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EDRM Stages

The EDRM diagram represents a conceptual view of the e-discovery process, not a literal, linear or waterfall model. One may engage in some but not all of the steps outlined in the diagram, or one may elect to carry out the steps in a different order than shown here.

The diagram also portrays an iterative process. One might repeat the same step numerous times, honing in on a more precise set of results. One might also cycle back to earlier steps, refining one’s approach as a better understanding of the data emerges or as the nature of the matter changes.

The diagram is intended as a basis for discussion and analysis, not as a prescription for the one and only right way to approach e-discovery.

Below are summary explanations of each EDRM stage. For guides for each stage of the e-discovery process, move the cursor over the boxes below for links to guides for each stage of the e-discovery process or select from the headings above the summary explanations.

Information Governance

Information Governance

Getting your electronic house in order to mitigate risk & expenses should e-discovery become an issue, from initial creation of (electronically stored information) through its final disposition.

Identification

Locating potential sources of & determining its scope, breadth & depth.

Preservation

Ensuring that is protected against inappropriate alteration or destruction.

Collection

Gathering for further use in the e-discovery process (processing, review, etc.).

Processing

Reducing the volume of and converting it, if necessary, to forms more suitable for review & analysis.

Review

Evaluating for relevance & privilege.

Analysis

Evaluating for content & context, including key patterns, topics, people & discussion.

Production

Delivering to others in appropriate forms & using appropriate delivery mechanisms.

Presentation

Displaying before audiences (at depositions, hearings, trials, etc.), especially in native & near-native forms, to elicit further information, validate existing facts or positions, or persuade an audience.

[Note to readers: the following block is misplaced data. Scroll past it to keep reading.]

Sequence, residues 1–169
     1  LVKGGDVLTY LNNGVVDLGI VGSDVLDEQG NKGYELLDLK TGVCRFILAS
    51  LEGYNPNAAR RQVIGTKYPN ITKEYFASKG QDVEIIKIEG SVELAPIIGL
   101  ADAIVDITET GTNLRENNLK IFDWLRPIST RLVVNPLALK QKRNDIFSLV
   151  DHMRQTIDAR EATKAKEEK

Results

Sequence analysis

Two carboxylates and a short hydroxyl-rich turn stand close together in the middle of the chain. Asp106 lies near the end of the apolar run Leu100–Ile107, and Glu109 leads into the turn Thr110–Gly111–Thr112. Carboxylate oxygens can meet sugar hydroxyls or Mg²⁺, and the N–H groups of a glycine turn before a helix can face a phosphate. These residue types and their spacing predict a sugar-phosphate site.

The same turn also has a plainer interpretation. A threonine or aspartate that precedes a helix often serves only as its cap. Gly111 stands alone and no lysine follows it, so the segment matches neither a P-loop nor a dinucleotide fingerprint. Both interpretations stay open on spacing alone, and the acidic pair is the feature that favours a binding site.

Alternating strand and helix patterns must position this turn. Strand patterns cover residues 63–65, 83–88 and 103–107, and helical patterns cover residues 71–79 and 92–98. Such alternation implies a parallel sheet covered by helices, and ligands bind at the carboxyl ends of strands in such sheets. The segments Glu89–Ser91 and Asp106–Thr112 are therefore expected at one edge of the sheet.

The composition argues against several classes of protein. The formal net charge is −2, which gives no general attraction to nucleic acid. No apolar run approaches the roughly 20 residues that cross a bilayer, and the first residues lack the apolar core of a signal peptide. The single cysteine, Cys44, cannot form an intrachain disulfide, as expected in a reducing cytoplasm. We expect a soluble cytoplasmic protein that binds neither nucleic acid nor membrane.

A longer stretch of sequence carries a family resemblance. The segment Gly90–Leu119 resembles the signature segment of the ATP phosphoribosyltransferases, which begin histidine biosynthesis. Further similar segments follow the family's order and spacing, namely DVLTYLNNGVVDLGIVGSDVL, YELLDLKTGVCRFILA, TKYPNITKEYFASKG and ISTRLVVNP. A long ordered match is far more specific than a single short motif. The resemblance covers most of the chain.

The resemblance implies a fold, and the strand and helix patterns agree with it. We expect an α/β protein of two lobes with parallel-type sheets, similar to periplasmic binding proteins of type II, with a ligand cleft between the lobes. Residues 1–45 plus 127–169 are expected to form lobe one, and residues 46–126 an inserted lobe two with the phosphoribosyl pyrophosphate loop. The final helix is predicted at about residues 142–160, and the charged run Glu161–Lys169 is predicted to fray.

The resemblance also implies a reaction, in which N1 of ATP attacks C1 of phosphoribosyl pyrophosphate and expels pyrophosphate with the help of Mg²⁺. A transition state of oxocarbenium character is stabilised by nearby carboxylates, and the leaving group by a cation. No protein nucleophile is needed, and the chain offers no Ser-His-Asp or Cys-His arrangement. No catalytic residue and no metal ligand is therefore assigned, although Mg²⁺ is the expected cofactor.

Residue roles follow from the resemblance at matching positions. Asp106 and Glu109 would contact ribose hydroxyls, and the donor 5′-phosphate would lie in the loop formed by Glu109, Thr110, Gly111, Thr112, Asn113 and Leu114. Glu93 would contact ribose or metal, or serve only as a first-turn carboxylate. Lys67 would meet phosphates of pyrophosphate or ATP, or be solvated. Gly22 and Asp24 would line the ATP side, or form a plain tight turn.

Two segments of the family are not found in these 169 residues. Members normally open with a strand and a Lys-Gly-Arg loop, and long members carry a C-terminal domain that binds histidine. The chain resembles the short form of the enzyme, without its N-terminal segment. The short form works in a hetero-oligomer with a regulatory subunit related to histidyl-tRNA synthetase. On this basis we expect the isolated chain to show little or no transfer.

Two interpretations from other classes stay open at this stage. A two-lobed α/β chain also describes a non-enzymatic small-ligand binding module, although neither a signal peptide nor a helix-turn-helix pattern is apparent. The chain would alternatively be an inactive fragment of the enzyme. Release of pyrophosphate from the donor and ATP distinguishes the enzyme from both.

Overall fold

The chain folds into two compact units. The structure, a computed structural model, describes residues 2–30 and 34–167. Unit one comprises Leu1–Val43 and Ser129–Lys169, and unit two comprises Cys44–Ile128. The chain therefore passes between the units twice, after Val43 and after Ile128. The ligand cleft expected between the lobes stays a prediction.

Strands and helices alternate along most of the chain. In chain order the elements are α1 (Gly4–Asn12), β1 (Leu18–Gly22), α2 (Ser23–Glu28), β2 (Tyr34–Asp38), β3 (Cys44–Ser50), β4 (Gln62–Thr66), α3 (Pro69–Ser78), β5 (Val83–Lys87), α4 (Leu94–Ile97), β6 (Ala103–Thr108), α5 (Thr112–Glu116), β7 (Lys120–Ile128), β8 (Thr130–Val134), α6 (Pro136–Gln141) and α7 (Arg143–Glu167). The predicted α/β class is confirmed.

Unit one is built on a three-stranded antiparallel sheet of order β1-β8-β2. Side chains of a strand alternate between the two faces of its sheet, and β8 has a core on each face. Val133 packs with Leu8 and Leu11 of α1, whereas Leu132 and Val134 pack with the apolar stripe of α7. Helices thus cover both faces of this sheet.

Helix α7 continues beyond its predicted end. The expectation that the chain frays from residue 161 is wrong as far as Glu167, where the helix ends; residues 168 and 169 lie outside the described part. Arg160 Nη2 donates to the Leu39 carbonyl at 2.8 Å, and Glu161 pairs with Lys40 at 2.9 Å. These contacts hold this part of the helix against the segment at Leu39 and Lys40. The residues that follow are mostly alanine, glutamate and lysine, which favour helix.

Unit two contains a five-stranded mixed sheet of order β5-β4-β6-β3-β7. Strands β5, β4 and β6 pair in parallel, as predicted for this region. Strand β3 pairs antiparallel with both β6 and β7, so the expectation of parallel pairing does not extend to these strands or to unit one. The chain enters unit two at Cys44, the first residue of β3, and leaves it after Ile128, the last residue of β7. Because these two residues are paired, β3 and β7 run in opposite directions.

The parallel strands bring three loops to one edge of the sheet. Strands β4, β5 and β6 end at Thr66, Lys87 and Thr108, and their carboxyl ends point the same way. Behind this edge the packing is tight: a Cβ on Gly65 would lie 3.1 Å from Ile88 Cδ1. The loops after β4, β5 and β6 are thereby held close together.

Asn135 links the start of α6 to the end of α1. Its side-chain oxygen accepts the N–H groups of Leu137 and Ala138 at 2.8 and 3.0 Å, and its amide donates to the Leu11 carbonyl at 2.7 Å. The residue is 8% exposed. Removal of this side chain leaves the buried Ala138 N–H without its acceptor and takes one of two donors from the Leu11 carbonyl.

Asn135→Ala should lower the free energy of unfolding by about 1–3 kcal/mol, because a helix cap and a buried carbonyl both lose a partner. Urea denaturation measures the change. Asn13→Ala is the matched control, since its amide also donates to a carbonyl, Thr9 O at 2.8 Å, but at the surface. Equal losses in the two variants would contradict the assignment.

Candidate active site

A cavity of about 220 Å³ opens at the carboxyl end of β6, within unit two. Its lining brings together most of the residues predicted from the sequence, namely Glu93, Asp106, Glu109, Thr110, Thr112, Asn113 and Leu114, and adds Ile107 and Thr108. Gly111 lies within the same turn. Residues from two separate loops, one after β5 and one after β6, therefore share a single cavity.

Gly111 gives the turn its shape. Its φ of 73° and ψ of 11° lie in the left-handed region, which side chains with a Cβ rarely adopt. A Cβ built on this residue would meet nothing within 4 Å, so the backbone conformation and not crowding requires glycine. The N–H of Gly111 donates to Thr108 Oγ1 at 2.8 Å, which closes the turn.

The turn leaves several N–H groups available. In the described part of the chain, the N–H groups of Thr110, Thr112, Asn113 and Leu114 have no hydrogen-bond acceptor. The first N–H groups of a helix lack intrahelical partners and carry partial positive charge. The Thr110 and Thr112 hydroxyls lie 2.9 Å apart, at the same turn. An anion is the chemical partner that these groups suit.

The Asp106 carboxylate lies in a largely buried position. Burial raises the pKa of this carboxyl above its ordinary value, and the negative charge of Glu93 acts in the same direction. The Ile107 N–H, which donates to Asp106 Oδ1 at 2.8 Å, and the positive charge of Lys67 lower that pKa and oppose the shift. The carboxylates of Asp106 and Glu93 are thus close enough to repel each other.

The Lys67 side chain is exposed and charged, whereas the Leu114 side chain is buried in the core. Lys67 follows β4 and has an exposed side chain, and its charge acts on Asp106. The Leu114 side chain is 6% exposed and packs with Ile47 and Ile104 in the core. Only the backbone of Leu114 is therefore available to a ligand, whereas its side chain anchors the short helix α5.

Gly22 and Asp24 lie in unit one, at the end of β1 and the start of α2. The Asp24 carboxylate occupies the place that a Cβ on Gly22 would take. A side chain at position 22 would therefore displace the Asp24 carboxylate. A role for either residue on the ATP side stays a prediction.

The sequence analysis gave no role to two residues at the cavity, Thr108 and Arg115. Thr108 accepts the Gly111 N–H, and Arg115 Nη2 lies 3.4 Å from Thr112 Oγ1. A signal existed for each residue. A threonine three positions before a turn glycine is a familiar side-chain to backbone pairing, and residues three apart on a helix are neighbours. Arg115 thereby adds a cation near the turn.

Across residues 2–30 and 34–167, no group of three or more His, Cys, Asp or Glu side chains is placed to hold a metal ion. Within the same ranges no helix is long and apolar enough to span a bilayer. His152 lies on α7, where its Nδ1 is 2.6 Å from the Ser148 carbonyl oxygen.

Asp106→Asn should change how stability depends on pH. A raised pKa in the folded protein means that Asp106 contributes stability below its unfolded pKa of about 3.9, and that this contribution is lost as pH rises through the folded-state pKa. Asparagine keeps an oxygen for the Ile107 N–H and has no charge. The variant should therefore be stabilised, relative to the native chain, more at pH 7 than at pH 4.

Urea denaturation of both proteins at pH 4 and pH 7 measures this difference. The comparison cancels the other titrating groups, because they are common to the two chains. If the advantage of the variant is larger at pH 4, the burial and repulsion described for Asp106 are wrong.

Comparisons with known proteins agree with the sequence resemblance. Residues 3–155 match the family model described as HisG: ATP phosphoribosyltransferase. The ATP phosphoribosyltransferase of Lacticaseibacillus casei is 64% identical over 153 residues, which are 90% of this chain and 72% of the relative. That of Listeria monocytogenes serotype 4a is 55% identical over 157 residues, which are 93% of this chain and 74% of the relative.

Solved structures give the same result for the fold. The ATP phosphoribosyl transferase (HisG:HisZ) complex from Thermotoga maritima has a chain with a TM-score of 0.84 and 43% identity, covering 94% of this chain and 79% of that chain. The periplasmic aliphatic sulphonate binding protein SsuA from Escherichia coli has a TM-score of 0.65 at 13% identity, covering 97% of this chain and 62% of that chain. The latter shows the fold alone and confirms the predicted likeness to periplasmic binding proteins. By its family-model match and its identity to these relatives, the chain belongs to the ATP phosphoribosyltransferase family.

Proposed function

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  • Electronically Stored Information or ESI is information that is stored electronically on enumerable types of media regardless the original format in which it was created.
  • Electronically Stored Information: this is an all inclusive term referring to conventional electronic documents (e.g. spreadsheets and word processing documents) and in addition the contents of databases, mobile phone messages, digital recordings (e.g. of voicemail) and transcripts of instant messages. All of this material needs to be considered for disclosure.
  • Electronically Stored Information or ESI is information that is stored electronically on enumerable types of media regardless the original format in which it was created.
  • Electronically Stored Information: this is an all inclusive term referring to conventional electronic documents (e.g. spreadsheets and word processing documents) and in addition the contents of databases, mobile phone messages, digital recordings (e.g. of voicemail) and transcripts of instant messages. All of this material needs to be considered for disclosure.
  • Electronically Stored Information or ESI is information that is stored electronically on enumerable types of media regardless the original format in which it was created.